2: No Respect: He showed little respect for Tom Watson or his team who were undoubtedly hurting.  Tom had undoubtedly made mistakes,  he had also tried his best.  His team mates were undoubtedly hurting and reflecting on what mistakes they had made over the two days.   His behaviour encouraged everyone to focus on the negative rather than the way forward.

3:  Abdication of Leadership:  Phil may not have been the Captain this week but he is, without doubt, a leader for the US team; embarrassingly, he abdicated his position of leadership.   His stature will have been diminished in the eyes of the younger team members who saw the way he behaved.   Even worse some may copy him in future years, which will only serve the European cause further.

Four fool-proof ways of telling your boss he sucks.

1:  Look at yourself first:  Before you point the finger of accusation at your boss, remember that when you point there are three fingers pointing back at you.  Ask yourself “what have I done to contribute to this situation?”

2: Think about “why” this is happening:  More often than not, your boss is carrying out a strategy dictated from above.  Most things happen in an organisation because they are needed to help the achievement of a strategy or objective.   Try to separate “what” your manager is doing (probably led by his boss) with “how” they are doing it, which reflects their abilities to communicate and execute change.

3:  Constructive Feedback:  Borrowing a simple technique from the centre for creative leadership (,   use the SBI (Situation, Behaviour & Feedback) method to provide objective feedback.   i.e.”John, do you remember in the team meeting this morning,  you cut across my answer in a way that seemed dismissive.  It made me feel like you did not value my opinion.  What can I do differently next time?”   WARNING:  Remember that if you are going to be giving feedback, you need to be prepared to take it back as well.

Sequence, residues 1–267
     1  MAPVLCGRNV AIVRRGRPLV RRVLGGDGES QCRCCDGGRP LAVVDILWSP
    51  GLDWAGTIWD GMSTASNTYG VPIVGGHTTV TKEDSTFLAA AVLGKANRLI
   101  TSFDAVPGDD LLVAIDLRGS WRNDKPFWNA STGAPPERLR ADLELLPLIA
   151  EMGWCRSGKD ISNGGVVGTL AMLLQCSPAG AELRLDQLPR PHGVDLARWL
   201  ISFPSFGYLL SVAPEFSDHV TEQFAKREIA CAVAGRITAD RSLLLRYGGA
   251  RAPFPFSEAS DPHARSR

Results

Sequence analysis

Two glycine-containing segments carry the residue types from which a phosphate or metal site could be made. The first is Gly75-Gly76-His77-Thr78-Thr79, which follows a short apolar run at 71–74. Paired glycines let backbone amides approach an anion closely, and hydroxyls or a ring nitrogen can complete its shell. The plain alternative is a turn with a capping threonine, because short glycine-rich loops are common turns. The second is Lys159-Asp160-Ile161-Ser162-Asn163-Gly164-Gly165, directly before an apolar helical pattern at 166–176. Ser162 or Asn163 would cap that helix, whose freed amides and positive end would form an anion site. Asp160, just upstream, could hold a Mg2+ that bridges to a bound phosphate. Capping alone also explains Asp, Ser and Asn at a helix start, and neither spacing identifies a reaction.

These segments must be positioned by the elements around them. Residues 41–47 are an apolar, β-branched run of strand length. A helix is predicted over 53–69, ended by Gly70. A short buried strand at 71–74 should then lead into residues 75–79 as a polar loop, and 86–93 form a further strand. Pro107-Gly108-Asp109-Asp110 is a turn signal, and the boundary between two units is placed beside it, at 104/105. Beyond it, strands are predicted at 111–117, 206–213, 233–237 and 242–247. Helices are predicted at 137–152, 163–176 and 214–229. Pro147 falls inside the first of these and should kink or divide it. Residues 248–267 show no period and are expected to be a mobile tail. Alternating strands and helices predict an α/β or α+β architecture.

3:  Focus on Solutions:  Everyone can point out what is being done wrong.  Being constructive with ways to make things work, will open your manager’s mind to alternate options.   If all they see is you throwing blocks up at every turn, they will be much less open to your ideas for improvement.   If you have no suggestions for how things can be done better then you may be part of the problem…….!!!!!

What approach would you take if you had to tell your boss “you suck”?

Alex Moyle spends his time helping leaders of sales teams build high performing self sustaining teams.   His customer centric approach to consultative selling helps sales professionals elevate themselves above the competition.